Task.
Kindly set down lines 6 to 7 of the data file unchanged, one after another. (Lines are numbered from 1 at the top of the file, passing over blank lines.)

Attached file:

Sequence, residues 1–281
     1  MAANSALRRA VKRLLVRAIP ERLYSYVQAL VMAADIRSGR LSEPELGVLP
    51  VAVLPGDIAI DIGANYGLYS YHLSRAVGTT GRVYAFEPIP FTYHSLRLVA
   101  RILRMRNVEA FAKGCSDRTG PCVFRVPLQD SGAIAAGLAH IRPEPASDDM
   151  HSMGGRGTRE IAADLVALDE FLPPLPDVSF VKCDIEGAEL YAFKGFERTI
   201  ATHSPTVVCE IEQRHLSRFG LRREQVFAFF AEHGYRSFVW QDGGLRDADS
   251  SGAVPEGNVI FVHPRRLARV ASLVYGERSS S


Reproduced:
   201  ATHSPTVVCE IEQRHLSRFG LRREQVFAFF AEHGYRSFVW QDGGLRDADS
   251  SGAVPEGNVI FVHPRRLARV ASLVYGERSS S